32:2-14: Worship goes wrong when the pastor is more interested in pleasing the people (or himself) than pleasing God.
Rather than leading the people and holding up God’s standard for them, Aaron gave in to their base desires. Contrast this with Moses who was more interested in God’s glory, His name being honored among the heathens, and His covenant promises, than Moses’ own self interest of being made a “great nation”.

32:4-6: Worship goes wrong when we paste God’s name on man made rituals.
Notice that they essentially called the golden calf “God” and claimed that worshiping it was actually worshiping God. This was not a situation in which they were inventing a new god to worship.

32:15-19: Worship goes wrong when we break God’s law (Exodus 19-20:21).
The people had heard from the very mouth of God himself, “You shall have no other gods before me. You shall not make for yourself a carved image, or any likeness of anything that is in heaven above, or that is in the earth beneath, or that is in the water under the earth. You shall not bow down to them or serve them…” Those are the first and second Commandments! They knew God’s Law and intentionally broke it. Our worship is unacceptable to God (indeed, it isn’t worship at all) when we do it while knowingly disobeying Him. (Naked church, homosexuality affirming “churches”, female pastors.)

32:25: Worship goes wrong when we give unbelievers the opportunity to mock God.
When the people “break loose” from doing things biblically with the pastor leading the way (as in the New Apostolic Reformation movement, for example), the world rightly mocks them. As a result, many unbelievers understandably take the position, “If that’s what Christianity is, I don’t want any part of it.” This is to our shame. (This is different, however, from being mocked for upholding biblical standards, such as standing against abortion or homosexuality.)

32:26-28: Worship goes wrong when people refuse to repent of their sin (Matthew 18:15-17, 1 Corinthians 5:11-13).
The three thousand men who refused to repent of their idol worship were the problem here, not the Levites. They were given every opportunity to repent and refused. This compounded their sin by forcing their brothers into a horrific situation of having to kill them.

Today, when church members refuse to repent of their sin, God has instructed us to put them outside the fellowship (after due process). This is painful for all involved, and puts brothers and sisters who are trying to faithfully follow God’s word in the awful position of having to confront and discipline people they may dearly love. It often causes a deep wound that necessarily hinders worship.

Worship Gone Right: God’s Way

God cares about the smallest details of how we approach Him in worship. (Exodus 30, 39)
He’s not an “anything goes” God. We see this in the detailed instructions about the construction of the ark, the tabernacle, and all its accessories, right down to the recipe for the anointing oil (30) and the little pomegranates on the hems of the priestly garments (39). (We’ll also see His instructions about worship to the church in the New Testament.) If God cares this much about the little details of worship, what are some things in our worship services and other church activities that we need to think about as to whether or not they’re pleasing to God?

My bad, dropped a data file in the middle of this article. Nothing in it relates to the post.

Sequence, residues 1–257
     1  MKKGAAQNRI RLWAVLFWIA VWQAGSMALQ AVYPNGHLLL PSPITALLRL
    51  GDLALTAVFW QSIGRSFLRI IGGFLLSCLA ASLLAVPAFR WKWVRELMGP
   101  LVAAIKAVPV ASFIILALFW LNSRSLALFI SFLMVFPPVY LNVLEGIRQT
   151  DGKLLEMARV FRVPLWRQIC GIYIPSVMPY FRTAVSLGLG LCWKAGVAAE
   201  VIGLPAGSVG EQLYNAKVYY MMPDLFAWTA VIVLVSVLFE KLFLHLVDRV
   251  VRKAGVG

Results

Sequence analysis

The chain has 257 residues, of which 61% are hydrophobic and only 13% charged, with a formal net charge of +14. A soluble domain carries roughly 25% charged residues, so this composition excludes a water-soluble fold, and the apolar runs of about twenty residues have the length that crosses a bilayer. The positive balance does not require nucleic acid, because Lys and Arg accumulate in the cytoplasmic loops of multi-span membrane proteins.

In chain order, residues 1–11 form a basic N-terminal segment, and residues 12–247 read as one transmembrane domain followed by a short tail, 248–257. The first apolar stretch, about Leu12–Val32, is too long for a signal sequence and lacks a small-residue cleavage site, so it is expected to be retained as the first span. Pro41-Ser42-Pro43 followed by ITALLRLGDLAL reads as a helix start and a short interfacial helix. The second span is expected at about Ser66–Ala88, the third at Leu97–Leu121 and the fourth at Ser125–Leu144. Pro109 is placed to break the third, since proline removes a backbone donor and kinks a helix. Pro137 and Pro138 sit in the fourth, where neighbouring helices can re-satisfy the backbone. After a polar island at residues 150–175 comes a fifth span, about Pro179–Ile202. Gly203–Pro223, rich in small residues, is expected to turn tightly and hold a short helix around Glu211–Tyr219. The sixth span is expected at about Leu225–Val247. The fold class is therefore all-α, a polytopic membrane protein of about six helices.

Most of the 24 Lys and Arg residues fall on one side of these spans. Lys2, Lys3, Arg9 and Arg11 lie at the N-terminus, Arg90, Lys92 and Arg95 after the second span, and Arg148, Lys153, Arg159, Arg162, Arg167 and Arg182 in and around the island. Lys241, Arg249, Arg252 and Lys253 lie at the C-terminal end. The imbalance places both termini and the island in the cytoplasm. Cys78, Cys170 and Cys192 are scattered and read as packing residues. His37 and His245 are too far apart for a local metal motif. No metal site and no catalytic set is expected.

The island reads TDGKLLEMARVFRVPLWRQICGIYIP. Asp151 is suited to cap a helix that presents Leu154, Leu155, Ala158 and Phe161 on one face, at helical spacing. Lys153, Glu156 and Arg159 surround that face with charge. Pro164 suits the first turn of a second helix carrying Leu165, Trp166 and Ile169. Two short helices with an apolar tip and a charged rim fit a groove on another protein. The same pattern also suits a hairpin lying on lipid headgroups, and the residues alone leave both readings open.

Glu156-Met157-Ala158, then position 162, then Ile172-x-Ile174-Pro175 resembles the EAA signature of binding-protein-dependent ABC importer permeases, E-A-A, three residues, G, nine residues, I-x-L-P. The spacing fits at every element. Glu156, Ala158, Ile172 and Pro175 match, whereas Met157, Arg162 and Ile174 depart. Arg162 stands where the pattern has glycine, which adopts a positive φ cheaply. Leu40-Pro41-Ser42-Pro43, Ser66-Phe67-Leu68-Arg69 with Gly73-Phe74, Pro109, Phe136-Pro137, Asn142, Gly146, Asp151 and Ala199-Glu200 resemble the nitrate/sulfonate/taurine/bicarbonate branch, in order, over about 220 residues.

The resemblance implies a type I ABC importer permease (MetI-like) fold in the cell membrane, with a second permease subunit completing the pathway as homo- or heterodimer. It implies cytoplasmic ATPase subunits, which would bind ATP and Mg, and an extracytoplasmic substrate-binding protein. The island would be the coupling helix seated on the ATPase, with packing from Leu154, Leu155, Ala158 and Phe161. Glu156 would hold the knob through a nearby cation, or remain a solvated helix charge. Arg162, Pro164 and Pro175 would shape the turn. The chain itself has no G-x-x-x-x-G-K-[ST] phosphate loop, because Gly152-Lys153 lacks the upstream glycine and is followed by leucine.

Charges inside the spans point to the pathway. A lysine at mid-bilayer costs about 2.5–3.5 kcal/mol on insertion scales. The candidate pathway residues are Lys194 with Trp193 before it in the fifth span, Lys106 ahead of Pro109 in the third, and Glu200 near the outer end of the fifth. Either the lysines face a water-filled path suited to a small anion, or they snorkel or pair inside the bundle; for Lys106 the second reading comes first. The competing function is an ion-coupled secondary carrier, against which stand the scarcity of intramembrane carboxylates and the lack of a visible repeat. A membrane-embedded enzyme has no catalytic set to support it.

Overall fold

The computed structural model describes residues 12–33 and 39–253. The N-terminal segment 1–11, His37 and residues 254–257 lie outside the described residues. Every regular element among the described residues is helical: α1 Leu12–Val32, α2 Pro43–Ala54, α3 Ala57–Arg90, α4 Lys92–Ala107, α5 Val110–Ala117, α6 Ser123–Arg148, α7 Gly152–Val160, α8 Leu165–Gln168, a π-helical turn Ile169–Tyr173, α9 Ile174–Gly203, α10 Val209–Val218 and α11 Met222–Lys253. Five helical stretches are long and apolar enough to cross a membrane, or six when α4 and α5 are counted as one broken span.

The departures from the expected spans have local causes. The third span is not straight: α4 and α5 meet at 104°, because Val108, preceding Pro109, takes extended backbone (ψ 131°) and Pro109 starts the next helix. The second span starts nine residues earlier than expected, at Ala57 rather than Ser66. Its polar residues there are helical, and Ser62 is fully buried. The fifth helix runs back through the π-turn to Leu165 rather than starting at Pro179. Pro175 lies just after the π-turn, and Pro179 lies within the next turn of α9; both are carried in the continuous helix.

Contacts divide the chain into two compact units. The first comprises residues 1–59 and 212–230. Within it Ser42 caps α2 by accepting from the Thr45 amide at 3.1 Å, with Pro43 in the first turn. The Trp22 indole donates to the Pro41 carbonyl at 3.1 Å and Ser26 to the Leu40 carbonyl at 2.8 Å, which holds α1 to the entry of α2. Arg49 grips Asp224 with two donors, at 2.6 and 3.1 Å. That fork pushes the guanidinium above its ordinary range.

God takes worship seriously, and so should His people (Exodus 32, Leviticus 10, Acts 5:1-11, 1 Corinthians 11:29-30).
The results of the golden calf incident (32), the strange fire incident (10), as well as situations in the New Testament show us that the way we worship and conduct activities in the church is no trivial matter to God. When He gives instructions about worship, He means what He says. It is just as wrong for us in the New Testament church to disregard God’s instructions about the Lord’s supper, giving offerings, qualifications for pastors/teachers, etc., as it was for Nadab and Abihu to offer “strange fire” before the Lord.

This doesn’t mean we can’t experience and express joy during worship—God wants us to! But there are also times to weep over our sin, listen intently to God’s word, and pray fervently. What are some things that show that a church/church members take worship seriously?

The men who lead God’s people have a grave responsibility to lead biblically, and God’s people have the responsibility to follow them biblically. (Exodus 32, Leviticus 10, 2 Timothy 4:1-5)
Pastors are to be faithful to God and His requirements for worship regardless of what the people clamor for. When pastors give in to the sinful desires of their people, they both endorse and give their people the opportunity to sin. So long as the pastor is standing by Scripture, we are to follow his leadership and support him.

The results of worship gone right (Leviticus 9:22-24)
When worship is done biblically, the pastor is in right relationship with God. He’s in the right position spiritually to be a blessing to God’s people. God blesses the people, they see His glory, He is pleased with their worship, His presence is with them, and it generates more worship.